The intention was to protect society from sex offenders who will go on to commit new offenses. After all, there is no need to protect society from sex offenders who won't offend again and little need to protect society from sex offenders who are at little risk to re-offend.
People like to know who the bad guys are so they can avoid them and keep their families away from them. The National Center for Missing & Exploited Children (NCMEC) says that makes sense.
“The courts have long held that the requirement that a convicted sex offender register with authorities is not punitive, it is regulatory” said Ernie Allen, president and CEO of NCMEC. “It is a reasonable measure designed to provide important information to authorities and to help protect the public, particularly children.”
A reasonable measure.
California has had a sex offender registry since 1947. Sixty-five years is a long time. If a registry does protect the public, one would imagine that sex offenses in California must be reduced considerably because the dangerous people are on the registry, preventing new offenses. Yet, after all these years of keeping a registry, California still has new offenders and so many new offenders that California is the state with the highest number of registered sex offenders. California, as of January 2012, had 106,216 registered sex offenders. Who could claim that the registry has protected Californians from sex offenders? Clearly, the registry does not act as a deterrent.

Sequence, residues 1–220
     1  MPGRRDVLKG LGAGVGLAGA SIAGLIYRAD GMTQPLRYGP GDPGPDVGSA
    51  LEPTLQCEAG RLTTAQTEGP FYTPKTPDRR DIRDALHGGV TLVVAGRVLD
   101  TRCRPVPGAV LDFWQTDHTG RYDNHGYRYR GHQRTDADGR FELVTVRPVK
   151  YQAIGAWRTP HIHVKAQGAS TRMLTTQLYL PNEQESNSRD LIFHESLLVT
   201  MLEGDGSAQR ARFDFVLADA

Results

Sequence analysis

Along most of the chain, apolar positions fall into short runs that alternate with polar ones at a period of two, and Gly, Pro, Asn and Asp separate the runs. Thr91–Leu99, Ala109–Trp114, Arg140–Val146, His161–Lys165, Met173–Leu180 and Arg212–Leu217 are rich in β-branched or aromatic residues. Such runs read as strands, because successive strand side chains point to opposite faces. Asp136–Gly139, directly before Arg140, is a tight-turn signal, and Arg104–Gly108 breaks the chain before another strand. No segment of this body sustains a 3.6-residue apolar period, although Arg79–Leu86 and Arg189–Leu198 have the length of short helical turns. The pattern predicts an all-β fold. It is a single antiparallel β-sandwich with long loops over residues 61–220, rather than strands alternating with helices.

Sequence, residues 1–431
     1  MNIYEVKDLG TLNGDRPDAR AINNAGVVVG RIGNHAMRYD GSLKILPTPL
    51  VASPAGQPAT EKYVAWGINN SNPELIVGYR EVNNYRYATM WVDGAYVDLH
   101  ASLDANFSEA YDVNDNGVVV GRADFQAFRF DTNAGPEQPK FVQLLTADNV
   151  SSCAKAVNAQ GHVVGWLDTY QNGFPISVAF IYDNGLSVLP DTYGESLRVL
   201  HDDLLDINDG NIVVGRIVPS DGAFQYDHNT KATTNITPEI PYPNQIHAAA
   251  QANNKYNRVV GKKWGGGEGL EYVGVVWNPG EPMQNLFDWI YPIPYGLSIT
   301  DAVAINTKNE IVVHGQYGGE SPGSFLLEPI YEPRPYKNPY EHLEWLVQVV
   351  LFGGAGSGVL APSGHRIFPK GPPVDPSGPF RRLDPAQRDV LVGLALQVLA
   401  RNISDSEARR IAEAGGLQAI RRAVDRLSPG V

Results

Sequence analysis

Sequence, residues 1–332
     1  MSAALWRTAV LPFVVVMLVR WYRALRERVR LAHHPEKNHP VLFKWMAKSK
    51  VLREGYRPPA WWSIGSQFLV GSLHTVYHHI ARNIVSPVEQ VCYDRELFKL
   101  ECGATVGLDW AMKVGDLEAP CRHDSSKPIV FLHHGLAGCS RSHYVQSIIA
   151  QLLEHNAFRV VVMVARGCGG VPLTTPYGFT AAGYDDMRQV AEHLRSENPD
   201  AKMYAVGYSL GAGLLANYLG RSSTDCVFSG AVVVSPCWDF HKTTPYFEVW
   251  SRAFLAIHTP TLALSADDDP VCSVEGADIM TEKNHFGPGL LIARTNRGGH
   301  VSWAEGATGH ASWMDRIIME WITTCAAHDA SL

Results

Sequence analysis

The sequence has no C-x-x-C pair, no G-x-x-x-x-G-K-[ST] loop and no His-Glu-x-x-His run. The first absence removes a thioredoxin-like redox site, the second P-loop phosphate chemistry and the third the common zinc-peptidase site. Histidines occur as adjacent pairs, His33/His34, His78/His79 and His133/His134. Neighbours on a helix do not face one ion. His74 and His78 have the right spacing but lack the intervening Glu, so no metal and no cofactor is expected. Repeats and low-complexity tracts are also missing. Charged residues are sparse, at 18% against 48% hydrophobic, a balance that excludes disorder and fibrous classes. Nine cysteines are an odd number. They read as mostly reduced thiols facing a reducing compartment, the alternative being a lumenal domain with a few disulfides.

Who are the bad guys? Ninety percent of sex offenses are committed by first-time offenders. A natural conclusion is that the registry is a good place to find a list of people unlikely to commit a sex offense.
If the registry is not a deterrent and does nothing to protect us from the ninety percent of offenders who are not on the registry yet...what good is it? Why are we regulating these people? The courts perhaps protest too much when they deny that the purpose is punitive...which, in turn, makes me question their good intentions.